Training Better Teachers

Elizabeth Green has a brilliant piece in the NYT Magazine about efforts to find better ways to train teachers. The most important influence on student achievement seems to be their family background. After that, the thing that makes a big difference is the quality of their teacher. Some teachers consistently deliver much bigger-than-average gains in learning, and others deliver worse-than-average gains. Most political interest in this has focused on better ways to screen the teaching workforce—attract more elite people into the profession, fire more ineffective teachers, pay effective teachers more money so they don’t quit.

But as Green points out, the country needs a lot of K-12 teachers and already has a ton of people already doing the job:

The shortest bar, all the way on the right, represented architects: 180,000. Farther over, slightly higher, came psychologists (185,000) and then lawyers (952,000), followed by engineers (1.3 million) and waiters (1.8 million). On the left side of the graph, the top three: janitors, maids and household cleaners (3.3 million); secretaries (3.6 million); and, finally, teachers (3.7 million). Moreover, a coming swell of baby-boomer retirements is expected to force school systems to hire up to a million new teachers between now and 2014.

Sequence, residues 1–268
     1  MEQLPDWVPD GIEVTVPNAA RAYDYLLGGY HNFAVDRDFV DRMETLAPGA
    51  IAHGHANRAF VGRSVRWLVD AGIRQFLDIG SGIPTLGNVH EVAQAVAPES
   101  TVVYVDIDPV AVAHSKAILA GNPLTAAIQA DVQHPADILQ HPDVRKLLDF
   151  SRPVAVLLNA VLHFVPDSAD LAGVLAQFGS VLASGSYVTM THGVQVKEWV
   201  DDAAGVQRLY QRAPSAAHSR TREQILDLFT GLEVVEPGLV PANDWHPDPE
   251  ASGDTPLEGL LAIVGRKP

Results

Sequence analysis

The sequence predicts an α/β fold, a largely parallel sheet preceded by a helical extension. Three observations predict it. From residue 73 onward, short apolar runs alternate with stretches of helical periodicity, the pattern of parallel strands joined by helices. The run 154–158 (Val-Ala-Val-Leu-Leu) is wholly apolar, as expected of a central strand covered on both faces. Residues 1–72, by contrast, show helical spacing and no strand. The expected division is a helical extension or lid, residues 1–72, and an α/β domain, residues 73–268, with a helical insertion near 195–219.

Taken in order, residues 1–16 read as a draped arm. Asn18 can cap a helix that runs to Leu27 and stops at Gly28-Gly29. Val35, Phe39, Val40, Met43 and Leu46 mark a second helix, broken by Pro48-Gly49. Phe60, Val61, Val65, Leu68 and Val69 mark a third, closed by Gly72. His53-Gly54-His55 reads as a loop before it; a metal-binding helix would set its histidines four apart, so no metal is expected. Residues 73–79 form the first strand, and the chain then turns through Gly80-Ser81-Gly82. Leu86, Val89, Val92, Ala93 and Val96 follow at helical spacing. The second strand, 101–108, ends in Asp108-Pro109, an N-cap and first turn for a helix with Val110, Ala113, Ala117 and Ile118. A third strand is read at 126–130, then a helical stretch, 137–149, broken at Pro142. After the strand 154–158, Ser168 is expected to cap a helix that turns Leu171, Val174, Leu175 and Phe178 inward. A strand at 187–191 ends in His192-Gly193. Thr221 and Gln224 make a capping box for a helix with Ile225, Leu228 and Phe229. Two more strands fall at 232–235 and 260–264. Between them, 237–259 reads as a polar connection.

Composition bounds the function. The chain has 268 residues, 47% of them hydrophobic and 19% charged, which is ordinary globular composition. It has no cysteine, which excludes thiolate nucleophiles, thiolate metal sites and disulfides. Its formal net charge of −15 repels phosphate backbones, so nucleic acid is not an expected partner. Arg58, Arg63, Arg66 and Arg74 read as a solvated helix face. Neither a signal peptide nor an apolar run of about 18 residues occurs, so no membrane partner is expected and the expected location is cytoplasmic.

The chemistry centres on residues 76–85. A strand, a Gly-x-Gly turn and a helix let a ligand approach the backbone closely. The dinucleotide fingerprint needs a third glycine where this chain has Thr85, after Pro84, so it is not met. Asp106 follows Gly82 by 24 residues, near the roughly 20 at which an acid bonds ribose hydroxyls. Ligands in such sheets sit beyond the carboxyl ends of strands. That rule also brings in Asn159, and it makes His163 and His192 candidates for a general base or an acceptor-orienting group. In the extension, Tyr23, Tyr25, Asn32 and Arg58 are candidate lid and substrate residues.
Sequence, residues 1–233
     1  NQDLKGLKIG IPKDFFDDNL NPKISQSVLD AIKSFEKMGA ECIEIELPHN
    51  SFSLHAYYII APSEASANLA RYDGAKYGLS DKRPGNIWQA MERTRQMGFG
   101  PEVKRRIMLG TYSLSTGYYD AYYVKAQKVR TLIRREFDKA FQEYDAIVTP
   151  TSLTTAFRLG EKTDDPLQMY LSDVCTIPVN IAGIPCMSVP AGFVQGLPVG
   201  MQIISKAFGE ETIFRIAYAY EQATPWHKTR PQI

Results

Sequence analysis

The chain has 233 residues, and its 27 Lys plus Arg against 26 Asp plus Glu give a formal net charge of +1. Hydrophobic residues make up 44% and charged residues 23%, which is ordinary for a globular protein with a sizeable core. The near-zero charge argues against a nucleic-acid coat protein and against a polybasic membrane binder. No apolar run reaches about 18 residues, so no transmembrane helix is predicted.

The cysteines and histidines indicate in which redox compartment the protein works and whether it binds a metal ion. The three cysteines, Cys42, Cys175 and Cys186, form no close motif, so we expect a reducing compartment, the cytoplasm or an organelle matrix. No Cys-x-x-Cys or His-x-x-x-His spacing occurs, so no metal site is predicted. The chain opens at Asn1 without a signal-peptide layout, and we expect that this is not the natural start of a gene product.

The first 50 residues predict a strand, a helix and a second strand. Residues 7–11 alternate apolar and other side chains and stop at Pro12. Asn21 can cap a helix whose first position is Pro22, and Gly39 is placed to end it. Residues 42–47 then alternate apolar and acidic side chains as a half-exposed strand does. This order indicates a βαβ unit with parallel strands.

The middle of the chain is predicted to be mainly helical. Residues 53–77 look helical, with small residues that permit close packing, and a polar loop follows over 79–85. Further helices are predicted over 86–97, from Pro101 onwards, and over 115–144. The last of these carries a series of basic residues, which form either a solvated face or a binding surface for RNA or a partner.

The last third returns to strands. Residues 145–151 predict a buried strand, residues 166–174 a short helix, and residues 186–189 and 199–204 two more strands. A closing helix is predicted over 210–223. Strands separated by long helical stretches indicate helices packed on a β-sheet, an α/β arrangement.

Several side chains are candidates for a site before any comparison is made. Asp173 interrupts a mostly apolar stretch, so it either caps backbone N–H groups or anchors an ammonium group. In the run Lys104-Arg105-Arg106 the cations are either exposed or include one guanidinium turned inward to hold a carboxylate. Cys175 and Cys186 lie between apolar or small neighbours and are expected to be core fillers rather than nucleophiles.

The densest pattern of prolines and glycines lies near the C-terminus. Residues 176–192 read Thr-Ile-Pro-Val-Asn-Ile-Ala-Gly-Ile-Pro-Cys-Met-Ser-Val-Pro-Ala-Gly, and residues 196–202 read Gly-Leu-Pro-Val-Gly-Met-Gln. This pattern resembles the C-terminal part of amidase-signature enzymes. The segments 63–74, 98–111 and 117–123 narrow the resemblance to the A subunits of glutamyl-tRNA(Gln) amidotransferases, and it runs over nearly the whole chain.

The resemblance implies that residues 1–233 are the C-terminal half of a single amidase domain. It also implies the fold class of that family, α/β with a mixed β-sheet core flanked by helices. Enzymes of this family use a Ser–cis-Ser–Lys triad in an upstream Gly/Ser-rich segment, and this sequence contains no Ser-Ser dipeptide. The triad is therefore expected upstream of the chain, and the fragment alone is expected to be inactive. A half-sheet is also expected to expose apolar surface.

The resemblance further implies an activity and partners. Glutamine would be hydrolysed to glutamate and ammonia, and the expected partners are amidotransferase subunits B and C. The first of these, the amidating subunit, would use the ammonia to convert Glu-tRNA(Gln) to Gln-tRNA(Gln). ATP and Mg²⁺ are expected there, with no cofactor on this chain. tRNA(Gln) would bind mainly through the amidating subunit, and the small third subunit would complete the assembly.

I had to make my own chart based on those numbers, since the NYT didn’t see fit to include the one Green refers to.

Obviously, right now we do train teachers. But there’s nothing systematic about the training and it doesn’t seem to work very well. If you can research and design better methods, then the teachers of tomorrow will have a leg up. What’s more, if you can research and design better methods you can make much better use of the vast quantity of more-or-less average teachers in America. These are hard-working people who by-and-large clearly want to be in classrooms teaching students, and who if faced with persuasive evidence that slight tweaks in technique (see the “cold calling” example in the article) will make a big difference will probably embrace them.

Unfortunately, as of now the research is in a pretty primitive state and we don’t really have definitive knowledge of the existence of a better training approach. But there are promising steps being taken, and the Obama administration is rightly investing more funds in trying to figure this piece of the puzzle out.